Nestled in the hills of Duxbury is the picturesque Moose Meadow Lodge. For Marlene Gutierrez and Gwen Castilla it was the perfect wedding venue.
"We've been dreaming about getting married ever since we first met," Gutierrez said.
Their dream came true Monday, when the Virginia couple was legally married in Vermont. But these newlyweds face an uphill battle.
"It's disappointing because we would like to commence our life together but there will be restriction," Gutierrez said.
Castilla is a foreign national from the Philippines; her new wife is a U.S. citizen. Since the federal government does not legally recognize their marriage, Castilla will be forced to leave the country in six months when her visa expires.
This is one of 1,100 federal marriage benefits withheld from gay couples under the 1996 Defense of Marriage Act or DOMA, which bars federal agencies from recognizing the validity of same-sex marriages. But the constitutionality of that federal law is being debated in the country's highest court.
"What the court decides from the case today, will affect literally thousands of Vermonters," said Cheryl Hanna of the Vermont Law School.
Legal expert Hanna says the Supreme Court will have until June to decide if same-sex couples should be entitled to the same marriage rights as straight couples.
Vermont has been instrumental in the debate since the beginning. It was the first state to allow civil unions for same-sex couples 13 years ago and legalized same-sex marriage in 2009. Since then, 941 gay and lesbian Vermonters have gotten married. And 1,788 out-of-staters have come here to tie the knot.
Greg Trulson married Vermont's first same-sex couple. He and his husband, Willie Docto, are also the innkeepers at Moose Meadow.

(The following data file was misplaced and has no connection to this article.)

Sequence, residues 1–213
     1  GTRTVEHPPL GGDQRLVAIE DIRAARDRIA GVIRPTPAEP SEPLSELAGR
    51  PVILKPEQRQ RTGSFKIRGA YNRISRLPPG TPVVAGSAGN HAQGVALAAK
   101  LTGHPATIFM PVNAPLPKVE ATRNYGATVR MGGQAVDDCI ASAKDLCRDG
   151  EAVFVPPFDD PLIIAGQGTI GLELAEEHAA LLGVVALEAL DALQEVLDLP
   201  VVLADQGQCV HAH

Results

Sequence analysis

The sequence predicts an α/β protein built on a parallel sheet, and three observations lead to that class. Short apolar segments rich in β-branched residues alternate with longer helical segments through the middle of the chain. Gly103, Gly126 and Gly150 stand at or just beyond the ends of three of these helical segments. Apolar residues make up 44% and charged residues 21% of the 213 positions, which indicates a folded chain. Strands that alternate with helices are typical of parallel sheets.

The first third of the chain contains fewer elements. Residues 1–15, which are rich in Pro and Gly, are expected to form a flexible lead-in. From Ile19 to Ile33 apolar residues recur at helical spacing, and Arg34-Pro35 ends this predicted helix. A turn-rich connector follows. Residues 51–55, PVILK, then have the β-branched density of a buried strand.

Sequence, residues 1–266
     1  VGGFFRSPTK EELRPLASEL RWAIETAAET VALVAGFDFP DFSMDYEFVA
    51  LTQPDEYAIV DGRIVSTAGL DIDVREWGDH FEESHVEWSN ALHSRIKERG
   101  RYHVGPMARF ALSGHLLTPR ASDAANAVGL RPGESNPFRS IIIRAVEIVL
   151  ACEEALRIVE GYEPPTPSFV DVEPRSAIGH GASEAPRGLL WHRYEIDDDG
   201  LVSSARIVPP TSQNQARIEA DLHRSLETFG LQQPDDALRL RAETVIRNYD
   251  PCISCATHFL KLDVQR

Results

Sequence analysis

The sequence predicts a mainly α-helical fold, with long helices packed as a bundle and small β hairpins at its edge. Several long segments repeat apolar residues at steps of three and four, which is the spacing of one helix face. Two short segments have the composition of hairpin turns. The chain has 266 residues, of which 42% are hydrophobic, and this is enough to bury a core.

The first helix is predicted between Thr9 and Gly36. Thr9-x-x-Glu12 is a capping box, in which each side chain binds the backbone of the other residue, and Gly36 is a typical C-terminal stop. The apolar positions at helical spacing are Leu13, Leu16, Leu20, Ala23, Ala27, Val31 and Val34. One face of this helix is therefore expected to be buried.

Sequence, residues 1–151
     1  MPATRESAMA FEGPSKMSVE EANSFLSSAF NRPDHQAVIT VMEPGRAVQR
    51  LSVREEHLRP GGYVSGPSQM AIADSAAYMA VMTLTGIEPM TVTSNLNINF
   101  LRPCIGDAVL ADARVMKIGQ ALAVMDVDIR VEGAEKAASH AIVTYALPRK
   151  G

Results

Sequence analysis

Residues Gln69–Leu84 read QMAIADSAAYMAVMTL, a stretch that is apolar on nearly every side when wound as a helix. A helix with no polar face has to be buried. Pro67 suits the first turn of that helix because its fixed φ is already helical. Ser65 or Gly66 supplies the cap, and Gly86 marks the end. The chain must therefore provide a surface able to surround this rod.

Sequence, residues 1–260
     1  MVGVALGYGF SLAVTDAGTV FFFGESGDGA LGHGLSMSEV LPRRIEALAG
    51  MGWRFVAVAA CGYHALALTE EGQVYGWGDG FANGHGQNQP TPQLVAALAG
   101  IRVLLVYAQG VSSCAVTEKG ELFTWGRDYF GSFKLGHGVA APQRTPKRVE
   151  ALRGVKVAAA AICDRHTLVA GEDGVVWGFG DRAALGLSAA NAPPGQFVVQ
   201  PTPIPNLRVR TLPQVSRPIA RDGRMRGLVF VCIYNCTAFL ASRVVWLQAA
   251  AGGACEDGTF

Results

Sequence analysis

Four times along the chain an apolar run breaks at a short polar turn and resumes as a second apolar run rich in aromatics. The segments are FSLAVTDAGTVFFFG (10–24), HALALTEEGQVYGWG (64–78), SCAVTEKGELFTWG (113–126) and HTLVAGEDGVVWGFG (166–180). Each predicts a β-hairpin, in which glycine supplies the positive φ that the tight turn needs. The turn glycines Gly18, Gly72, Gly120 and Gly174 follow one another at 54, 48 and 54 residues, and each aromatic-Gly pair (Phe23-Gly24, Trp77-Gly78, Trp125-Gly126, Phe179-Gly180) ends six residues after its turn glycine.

"The Defense of Marriage Act affects us tremendously," Docto said.
They say DOMA prevents them from jointly filing their taxes, getting equal medical benefits, making end of life choices and having access to one another in hospitals-- challenges they would not face if they were married to women.
"It's just that we're two guys," Trulson said. "But our marriage should be exactly the same as any other couple."
"Same-sex unions serve the best interests of nobody," Craig Bensen said.
Bensen is a longtime opponent of gay marriage. He says if DOMA is repealed there would be a fiscal, political and moral meltdown in the U.S. He calls same-sex marriage a radical change with no proven track record.
"It's not tried, it's not true. And just going there, as a massive social experiment, is not going to be something that's good for the country and for the country's children," Bensen said.
Gutierrez and Castilla disagree. They say their love is real.
"This marriage is really, really important for me," Gutierrez said. "This will be the next stage of my life and hopefully I can keep it forever."
Their fate and where they call home is now in the hands of the nine Supreme Court justices.
During arguments, five justices indicated they may view DOMA as unconstitutional, but for different reasons.
Same-sex marriages are legal in nine states and the District of Columbia. Hanna says it's unlikely the Supreme Court will make a ruling with national implications. Instead it will likely be a decision tailored to those states that already allow it.
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